Audio: How does it sound?

Don’t let the back of the box fool you, though it says Dolby TrueHD, it’s a pretty thin-sounding 5.1 remix.  For purists, there’s a restored mono soundtrack as well.  And, to be totally honest, the mono is probably the way to go on this one.  While the 5.1 mix sounds a bit more spacious, it doesn’t really offer anything new in terms of sound or acoustics.  The film is about as dialogue-driven as they come and I don’t think viewers will miss out on the lack of surrounds.  Heck, maybe this is a good thing, listen to Robert Towne’s screenplay as opposed to craning your head around to see where the gun shots are coming from!

Supplements: What are the extras?

Disc One (4K)

  • A State of Mind: Author Sam Wasson On Chinatown – The first of three new features, this one showcases Sam Wasson, a film historian and bestselling author of The Big Goodbye: Chinatown and the Last Years Of Hollywood, on the importance of the film and its legacy.   
  • Chinatown Memories –Next up we have legendary producer Hawk Koch as he shares stories from his time as assistant director on the film.  
  • The Trilogy That Never Was – Finally we have Sam Wasson as he discusses the planned third installment of what would have been a trio of movies featuring the character Jake Gittes. 
  • Audio Commentary Acclaimed screenwriter Robert Towne is joined by filmmaker David Fincher as they laud their praise on the film.  There’s discussion about the title sequence, the script, the story and of course…Roman Polanski.
  • Water and Power – This three-part “documentary” is essentially a trio of featurettes. We find Robert Towne as he visits the aqueduct and we get a bit of history on it, how it functions and its role in the film.

    • The Aqueduct
    • The Aftermath
    • The River & Beyond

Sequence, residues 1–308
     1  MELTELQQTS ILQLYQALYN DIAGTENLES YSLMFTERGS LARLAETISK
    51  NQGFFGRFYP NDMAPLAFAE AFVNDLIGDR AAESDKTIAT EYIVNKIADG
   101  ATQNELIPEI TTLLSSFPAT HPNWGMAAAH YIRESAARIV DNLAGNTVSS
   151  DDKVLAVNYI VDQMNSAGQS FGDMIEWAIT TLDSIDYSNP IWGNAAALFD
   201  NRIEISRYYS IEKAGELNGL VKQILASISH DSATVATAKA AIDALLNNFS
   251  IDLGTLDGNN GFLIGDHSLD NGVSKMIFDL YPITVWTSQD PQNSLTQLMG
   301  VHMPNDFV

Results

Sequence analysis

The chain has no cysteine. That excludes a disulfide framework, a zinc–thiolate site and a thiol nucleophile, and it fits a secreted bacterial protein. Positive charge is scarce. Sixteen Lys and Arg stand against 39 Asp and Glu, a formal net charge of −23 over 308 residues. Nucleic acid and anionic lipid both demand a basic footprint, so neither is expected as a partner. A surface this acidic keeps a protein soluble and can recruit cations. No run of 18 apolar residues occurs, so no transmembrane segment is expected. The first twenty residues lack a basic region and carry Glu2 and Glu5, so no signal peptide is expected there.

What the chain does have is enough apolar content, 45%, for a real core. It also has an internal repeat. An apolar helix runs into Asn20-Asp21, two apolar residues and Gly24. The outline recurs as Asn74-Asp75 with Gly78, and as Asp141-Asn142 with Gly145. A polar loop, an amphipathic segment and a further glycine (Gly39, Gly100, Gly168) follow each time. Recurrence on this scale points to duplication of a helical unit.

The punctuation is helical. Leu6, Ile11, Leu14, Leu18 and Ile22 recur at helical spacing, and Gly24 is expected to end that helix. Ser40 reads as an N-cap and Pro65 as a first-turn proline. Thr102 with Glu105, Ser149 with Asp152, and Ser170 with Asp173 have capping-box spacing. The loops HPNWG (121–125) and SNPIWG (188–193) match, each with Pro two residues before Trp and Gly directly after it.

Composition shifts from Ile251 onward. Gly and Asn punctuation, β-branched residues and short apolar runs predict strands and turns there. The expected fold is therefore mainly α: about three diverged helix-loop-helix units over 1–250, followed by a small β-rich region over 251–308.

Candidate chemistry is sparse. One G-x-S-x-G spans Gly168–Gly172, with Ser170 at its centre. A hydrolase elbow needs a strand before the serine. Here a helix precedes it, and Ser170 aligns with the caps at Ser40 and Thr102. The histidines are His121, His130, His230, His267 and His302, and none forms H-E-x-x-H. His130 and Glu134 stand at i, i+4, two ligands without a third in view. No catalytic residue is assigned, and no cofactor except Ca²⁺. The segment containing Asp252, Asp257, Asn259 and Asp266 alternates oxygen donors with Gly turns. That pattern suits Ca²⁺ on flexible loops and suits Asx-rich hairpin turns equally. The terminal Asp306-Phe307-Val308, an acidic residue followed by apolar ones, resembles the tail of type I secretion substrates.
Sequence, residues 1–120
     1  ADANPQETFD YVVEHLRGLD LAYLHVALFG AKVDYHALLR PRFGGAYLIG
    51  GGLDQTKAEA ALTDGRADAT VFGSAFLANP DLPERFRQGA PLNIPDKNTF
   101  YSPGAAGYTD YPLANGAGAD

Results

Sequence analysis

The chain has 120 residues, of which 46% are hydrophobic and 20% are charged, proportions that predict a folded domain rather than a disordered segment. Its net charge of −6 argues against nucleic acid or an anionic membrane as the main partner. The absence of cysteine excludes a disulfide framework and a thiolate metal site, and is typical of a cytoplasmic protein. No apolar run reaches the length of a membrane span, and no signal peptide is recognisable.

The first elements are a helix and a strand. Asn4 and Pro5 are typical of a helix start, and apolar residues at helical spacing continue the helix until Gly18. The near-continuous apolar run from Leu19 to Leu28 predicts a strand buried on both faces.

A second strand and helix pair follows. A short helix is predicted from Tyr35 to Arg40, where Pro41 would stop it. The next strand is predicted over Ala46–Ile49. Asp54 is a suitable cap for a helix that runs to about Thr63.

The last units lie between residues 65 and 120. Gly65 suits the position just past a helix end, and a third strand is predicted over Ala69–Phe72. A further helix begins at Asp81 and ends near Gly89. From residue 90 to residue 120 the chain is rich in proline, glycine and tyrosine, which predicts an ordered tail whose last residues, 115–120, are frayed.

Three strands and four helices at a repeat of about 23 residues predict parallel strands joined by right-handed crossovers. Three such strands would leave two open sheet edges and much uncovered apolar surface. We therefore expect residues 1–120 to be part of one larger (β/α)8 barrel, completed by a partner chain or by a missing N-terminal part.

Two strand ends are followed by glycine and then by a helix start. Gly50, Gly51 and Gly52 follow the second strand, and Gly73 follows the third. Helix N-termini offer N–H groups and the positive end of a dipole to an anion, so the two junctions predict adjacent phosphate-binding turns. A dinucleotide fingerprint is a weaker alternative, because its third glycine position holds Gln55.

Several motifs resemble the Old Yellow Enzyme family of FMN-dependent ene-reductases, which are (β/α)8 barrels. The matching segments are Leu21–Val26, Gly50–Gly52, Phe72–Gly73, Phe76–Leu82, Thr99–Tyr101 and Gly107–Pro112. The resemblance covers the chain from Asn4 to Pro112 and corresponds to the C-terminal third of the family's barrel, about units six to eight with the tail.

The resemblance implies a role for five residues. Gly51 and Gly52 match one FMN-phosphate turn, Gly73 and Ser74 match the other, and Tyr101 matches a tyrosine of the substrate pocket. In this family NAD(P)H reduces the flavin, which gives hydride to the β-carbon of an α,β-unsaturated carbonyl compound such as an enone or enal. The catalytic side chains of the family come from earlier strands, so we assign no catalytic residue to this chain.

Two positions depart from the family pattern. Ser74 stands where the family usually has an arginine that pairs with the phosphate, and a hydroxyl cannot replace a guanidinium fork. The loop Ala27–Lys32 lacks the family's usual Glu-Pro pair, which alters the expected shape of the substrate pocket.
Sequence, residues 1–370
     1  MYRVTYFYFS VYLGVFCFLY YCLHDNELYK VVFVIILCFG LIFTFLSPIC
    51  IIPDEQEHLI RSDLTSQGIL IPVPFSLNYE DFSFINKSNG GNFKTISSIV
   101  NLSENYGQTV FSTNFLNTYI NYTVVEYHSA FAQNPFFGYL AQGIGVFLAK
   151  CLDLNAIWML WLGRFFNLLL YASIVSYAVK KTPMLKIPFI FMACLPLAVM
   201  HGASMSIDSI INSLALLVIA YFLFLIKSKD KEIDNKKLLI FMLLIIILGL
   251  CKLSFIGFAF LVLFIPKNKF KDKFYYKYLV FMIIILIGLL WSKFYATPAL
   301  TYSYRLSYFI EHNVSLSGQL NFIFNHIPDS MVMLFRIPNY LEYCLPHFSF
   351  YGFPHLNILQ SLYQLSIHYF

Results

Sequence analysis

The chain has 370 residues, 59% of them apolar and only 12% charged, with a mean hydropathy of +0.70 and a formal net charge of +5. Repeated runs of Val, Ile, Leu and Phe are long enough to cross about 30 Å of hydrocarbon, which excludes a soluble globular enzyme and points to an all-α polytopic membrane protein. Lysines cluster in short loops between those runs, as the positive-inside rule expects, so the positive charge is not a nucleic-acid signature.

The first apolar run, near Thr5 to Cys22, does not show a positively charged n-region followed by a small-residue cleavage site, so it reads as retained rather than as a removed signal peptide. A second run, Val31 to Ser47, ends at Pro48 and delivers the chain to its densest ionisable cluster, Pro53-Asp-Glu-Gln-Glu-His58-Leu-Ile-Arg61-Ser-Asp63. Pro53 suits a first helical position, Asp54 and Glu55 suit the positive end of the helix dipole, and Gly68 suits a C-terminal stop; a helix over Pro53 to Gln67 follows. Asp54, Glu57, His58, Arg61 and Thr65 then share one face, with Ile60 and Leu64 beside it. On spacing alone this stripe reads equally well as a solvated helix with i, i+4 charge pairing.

• Chinatown: An Appreciation – This features filmmaker Steven Soderbergh, Kimberly Pierce, Roger Deakins and James Newton Howard as they discuss their initial impressions on the film, how it holds up with subsequent viewings and the overall film and how its stood the test of time.
  • Chinatown: The Beginning and the End – We find Roman Polanski, Jack Nicholson, Robert Towne and Robert Evans candidly discuss the story’s origins, the actual history and the process of writing the script.
  • Chinatown: Filming – is just that, the shooting locations and the varying filming techniques used in the movie.
  • Chinatown: Legacy – Roman Polanski, Robert Evans, Jack Nicholson and Robert Towne as they reflect on the film’s history, initial (and subsequent) success and the lasting impact as one of Hollywood’s greatest movies.
  • Theatrical Trailer

Disc Two (Blu-ray)

  • The Two Jakes – Yes, the 1990 “sequel” to Chinatown is essentially thrown in on a second Blu-ray disc. Enjoy.

The Bottom Line

The phrase “they don’t make ’em like they used to” certainly applies here. Chinatown might be considered by many to be a near perfect movie. And in a career that spanned nearly 50 years, it’s certainly my favorite performance by Jack Nicholson. Paramount’s new 4K offering gives us a glorious picture and some new supplements to boot. Oh if you’re a fan of The Two Jakes – you’ve got that as a bonus. This one should be on every movie-lover’s shelf.

Disc Scores